As in Henry James’s Turn of the Screw, her characters in Beloved confront an elusive ghost, which deprives Sethe of the ability to nest and to know contentment.
Sharing an obsession with social injustice with John Steinbeck’s Grapes of Wrath, Morrison’s novel recreates an emotional landscape that moves beyond historic fact to individual suffering. Not unlike Rosasharn Joad, Sethe communicates maternal love through breast milk.
Mirroring the despair of William Styron’s Sophie’s Choice, Beloved details a clinging ambivalence fed on a past so lurid and unrelenting that it will give the suffering mother no respite. In Styron’s novel, visions of Sophie’s daughter handed over to Nazi child-burners lead to mental disintegration and alienation from love. In Morrison’s, Sethe’s torment refuses to dissipate, threatening not only her own well-being but that of Denver.
Like Hester Prynne, who is consumed by secret sin and alienation in Nathaniel Hawthorne’s The Scarlet Letter, Sethe’s paralysis and longing alternately confine and impel her toward a new and healing love and ease Denver into a supportive community of women. At the end of Beloved, Sethe has withdrawn from the world, much like Hester at the end of The Scarlet Letter. However, whereas Hester’s isolation is caused by her relationship with Arthur Dimsdale, Sethe’s relationship with Paul D appears to be an impetus for her to re-enter society.
William Faulkner’s As I Lay Dying and The Sound and the Fury influence Morrison’s preference for circular narrative and the pervasive theme of human bondage, which the surrender at Appomattox failed to obliterate.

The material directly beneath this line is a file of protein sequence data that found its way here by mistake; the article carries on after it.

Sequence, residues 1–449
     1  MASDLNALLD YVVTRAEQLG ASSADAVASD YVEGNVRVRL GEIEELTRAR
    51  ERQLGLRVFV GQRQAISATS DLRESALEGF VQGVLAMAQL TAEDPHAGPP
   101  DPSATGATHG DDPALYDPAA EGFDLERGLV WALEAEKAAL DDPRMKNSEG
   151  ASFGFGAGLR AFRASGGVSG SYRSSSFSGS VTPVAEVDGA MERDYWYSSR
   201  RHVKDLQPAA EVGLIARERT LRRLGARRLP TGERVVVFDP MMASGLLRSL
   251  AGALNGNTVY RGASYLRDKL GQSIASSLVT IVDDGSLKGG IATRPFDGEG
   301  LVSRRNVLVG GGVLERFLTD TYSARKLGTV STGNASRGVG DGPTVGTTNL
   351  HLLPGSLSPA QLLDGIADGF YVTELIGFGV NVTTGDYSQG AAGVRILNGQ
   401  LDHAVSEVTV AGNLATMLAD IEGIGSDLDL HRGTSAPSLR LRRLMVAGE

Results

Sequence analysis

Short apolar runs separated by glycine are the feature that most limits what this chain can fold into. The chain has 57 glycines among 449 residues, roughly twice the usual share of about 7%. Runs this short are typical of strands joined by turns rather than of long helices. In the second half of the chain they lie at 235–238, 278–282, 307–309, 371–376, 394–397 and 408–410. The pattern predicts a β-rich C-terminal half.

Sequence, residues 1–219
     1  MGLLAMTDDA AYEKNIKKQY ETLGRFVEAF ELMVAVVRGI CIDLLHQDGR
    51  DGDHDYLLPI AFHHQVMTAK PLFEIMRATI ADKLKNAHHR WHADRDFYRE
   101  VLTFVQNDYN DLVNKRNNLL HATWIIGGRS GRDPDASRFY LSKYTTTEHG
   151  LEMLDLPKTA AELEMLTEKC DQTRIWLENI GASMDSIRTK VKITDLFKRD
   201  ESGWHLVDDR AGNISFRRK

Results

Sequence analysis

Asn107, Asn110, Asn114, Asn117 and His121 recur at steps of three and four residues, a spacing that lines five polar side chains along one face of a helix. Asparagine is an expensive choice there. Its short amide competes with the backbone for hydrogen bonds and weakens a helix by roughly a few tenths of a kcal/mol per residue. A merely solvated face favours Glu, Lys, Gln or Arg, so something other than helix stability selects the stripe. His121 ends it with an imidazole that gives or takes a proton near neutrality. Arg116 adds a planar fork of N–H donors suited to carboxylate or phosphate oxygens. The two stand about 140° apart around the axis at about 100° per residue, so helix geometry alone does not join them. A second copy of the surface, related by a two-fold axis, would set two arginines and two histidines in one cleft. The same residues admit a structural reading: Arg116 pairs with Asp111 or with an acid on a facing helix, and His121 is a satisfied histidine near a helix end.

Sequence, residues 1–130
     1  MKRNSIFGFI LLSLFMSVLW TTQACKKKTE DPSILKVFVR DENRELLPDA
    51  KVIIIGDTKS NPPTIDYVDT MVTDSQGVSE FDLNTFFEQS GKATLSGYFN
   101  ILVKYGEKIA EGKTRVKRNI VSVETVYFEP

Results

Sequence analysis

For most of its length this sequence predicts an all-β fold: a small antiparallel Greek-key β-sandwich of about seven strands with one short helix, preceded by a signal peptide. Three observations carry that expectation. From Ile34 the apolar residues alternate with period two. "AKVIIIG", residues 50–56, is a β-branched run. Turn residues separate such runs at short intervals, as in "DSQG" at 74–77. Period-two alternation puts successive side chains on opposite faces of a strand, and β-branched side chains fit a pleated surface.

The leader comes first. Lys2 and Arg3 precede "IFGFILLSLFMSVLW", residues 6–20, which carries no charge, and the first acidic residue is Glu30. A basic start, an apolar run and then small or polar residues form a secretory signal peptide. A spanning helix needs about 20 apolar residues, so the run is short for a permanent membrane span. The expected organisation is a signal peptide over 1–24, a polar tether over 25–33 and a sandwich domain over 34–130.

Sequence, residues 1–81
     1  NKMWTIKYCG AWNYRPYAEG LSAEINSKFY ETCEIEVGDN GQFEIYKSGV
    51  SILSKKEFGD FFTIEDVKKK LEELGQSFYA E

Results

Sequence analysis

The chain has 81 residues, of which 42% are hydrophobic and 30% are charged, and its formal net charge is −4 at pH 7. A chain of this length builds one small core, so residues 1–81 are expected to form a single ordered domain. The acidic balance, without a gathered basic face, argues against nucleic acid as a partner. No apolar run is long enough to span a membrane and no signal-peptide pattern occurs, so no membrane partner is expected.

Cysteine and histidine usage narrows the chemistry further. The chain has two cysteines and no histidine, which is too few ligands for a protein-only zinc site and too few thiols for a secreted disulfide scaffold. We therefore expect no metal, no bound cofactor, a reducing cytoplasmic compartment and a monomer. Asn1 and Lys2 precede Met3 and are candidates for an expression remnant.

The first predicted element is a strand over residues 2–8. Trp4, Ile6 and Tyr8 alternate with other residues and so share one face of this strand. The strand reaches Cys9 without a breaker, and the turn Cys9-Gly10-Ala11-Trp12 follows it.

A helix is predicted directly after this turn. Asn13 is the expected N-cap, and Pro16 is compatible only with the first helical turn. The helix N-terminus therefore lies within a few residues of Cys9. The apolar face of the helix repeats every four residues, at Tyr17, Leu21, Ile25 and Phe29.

James Joyce’s “The Dead” and Ulysses, composed in enigmatic glimpses of motive and response, influence Morrison’s richly evocative narration, set with jewels of dialogue and conscious thought, both of which lead the characters through a hell of learning how to grasp happiness and security.
Critics find strands of other influential themes and stylistic mannerisms in Beloved, notably the insupportable corruption that demands retribution in Joseph Conrad’s Heart of Darkness; the burden of the desperate act and its equally desperate denouement in E.L. Doctorow’s Ragtime; the consuming guilt of Herman Melville’s Benito Cereno; Charles Dickens’s symbolic character names; Alice Walker’s submergence in the yearnings of motherhood in The Color Purple; the lovingly supportive alliance of one black and one white in Mark Twain’s Huckleberry Finn; and the dark reflection on hard scrabble community life, which generates uncharitable rivalry between haves and have-nots, as delineated in Richard Wright’s Black Boy and Native Son.
Obviously, Toni Morrison is well schooled in literature, yet the urgency and pathos of her characters and situations are uniquely her own.